Delete queries are the simplest—and most dangerous—of the action queries. A delete query works much like a normal select query. You specify a set of filter conditions, and then Access finds the matching records in the table. But the delete query doesn’t just display the records—instead, it erases them from the database.
Think twice before you delete anything. You just might need old information for reporting and analysis. Editing a Table explains why.
Delete queries are great for clearing out a huge number of records at once after you’ve finished transferring them to another table. In the append-query example described earlier (Creating an Append (or Make-Table) Query), you probably want a way to remove the original records once you’ve copied them to the new table. A delete query fits the bill perfectly.
To create a delete query, follow these steps:
Create a new query by choosing Create→Queries→Query Design.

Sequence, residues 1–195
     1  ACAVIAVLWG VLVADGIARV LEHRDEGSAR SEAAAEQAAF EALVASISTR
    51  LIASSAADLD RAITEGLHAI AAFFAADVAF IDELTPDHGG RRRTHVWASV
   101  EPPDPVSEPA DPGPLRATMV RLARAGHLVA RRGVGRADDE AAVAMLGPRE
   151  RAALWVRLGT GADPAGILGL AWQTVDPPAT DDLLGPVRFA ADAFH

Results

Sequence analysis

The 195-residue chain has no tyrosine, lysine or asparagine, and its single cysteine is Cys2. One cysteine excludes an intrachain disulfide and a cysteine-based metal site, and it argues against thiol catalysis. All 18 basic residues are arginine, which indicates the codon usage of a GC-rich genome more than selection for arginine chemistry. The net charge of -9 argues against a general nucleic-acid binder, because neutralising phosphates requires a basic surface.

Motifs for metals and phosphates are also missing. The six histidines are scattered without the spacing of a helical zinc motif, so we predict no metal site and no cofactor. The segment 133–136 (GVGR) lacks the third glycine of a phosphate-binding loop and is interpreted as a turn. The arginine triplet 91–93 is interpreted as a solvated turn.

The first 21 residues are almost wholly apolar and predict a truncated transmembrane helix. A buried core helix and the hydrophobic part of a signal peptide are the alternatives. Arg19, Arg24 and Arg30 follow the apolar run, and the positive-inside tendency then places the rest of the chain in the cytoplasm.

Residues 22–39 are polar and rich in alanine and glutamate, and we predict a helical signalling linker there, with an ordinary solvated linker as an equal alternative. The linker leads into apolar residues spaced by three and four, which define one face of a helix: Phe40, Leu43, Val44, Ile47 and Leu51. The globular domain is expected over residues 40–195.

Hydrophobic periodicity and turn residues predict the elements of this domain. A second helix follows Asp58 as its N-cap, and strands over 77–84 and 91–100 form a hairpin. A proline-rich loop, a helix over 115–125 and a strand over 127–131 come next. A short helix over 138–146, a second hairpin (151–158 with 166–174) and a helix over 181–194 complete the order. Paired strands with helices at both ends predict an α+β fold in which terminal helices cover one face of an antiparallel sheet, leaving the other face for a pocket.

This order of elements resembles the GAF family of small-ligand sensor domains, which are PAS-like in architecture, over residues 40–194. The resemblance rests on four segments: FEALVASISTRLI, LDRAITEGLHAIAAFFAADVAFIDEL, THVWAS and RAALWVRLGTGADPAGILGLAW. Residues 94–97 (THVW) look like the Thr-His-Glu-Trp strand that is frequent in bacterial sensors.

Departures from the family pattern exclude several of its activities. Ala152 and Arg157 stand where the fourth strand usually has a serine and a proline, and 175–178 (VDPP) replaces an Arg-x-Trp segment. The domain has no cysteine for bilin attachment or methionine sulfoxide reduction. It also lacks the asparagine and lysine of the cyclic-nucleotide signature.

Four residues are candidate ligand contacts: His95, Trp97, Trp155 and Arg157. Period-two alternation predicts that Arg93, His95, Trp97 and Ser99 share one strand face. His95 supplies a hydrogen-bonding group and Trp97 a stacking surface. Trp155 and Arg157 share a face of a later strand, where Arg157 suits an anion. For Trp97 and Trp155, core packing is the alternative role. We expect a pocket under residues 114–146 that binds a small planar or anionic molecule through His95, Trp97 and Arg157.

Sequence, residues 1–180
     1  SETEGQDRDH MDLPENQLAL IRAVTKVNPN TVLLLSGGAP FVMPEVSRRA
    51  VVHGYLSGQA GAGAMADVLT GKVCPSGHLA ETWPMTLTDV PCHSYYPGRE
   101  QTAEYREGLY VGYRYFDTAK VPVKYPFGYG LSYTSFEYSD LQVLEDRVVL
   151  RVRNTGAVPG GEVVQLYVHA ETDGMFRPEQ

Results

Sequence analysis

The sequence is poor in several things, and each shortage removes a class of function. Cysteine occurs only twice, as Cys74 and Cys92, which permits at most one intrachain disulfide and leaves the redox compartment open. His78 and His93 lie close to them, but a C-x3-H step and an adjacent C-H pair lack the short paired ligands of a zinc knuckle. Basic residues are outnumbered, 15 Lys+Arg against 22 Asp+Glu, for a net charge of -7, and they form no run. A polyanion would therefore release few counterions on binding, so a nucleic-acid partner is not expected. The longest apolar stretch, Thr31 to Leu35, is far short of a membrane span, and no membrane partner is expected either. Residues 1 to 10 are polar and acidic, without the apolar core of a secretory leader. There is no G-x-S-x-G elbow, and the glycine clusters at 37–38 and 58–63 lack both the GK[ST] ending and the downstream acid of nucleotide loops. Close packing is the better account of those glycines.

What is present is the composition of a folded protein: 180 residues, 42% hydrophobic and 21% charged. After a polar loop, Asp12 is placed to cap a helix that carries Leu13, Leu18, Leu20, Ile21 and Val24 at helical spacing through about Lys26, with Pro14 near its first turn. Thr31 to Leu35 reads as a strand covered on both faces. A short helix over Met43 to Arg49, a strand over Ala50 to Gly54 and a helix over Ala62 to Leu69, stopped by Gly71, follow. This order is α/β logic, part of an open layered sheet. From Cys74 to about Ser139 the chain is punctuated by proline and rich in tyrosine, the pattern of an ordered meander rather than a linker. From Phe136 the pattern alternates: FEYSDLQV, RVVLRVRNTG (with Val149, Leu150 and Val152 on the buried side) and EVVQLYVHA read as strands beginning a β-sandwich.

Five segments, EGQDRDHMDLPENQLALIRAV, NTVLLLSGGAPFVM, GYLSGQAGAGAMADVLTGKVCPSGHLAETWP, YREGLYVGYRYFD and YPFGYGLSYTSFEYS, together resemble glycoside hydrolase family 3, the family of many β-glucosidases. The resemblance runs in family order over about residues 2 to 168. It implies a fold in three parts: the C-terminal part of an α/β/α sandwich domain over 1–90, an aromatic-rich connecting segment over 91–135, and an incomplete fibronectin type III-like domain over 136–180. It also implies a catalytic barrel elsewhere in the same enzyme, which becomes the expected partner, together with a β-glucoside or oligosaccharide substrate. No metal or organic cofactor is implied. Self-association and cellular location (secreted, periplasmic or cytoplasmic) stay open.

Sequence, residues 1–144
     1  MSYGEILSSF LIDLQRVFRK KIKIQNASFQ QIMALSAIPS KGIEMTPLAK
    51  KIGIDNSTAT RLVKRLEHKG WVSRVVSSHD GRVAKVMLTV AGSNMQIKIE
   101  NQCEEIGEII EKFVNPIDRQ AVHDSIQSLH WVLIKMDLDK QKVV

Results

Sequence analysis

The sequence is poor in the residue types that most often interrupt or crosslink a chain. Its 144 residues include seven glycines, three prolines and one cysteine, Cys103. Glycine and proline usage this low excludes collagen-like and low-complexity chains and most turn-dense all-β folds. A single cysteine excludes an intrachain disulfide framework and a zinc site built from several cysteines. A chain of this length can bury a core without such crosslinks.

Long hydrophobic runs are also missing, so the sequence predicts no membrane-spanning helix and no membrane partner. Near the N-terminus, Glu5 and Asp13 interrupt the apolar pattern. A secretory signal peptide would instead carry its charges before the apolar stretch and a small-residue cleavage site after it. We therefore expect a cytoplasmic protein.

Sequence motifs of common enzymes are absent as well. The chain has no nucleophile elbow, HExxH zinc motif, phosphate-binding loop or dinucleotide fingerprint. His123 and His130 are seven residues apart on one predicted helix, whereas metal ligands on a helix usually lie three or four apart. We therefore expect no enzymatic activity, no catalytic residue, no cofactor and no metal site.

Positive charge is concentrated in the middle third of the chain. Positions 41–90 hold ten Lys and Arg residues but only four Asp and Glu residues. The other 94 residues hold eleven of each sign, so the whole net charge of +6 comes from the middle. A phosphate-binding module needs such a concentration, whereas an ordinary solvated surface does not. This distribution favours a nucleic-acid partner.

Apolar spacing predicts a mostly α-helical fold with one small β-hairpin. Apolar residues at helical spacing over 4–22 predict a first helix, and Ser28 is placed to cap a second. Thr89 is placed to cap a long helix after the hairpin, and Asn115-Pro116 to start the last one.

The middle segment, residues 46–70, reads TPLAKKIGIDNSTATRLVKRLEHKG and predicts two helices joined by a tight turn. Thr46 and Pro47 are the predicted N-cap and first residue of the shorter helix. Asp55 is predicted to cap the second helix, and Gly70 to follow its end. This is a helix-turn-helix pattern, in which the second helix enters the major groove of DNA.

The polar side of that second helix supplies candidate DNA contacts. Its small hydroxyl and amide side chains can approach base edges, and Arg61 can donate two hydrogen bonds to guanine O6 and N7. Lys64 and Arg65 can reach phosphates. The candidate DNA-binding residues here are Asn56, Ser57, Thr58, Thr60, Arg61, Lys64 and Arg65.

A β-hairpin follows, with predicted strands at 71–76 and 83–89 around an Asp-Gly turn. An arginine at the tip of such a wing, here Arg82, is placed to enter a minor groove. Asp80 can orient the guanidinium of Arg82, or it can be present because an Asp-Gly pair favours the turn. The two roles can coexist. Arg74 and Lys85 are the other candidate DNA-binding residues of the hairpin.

Using the Show Table dialog box that appears, add the table that has the records you want to delete. Then click Close to close it.
Change your query to a delete query by choosing Query Tools | Design→Query Type→Delete.
The Sort and Show boxes disappear from the column list, and the Delete box appears.
Add the fields you want to use for filtering, and then set your filter conditions.
Your filter conditions determine what records are deleted, so make sure you define them carefully. If you don’t include any filter conditions—gulp—Access will delete all the records when ...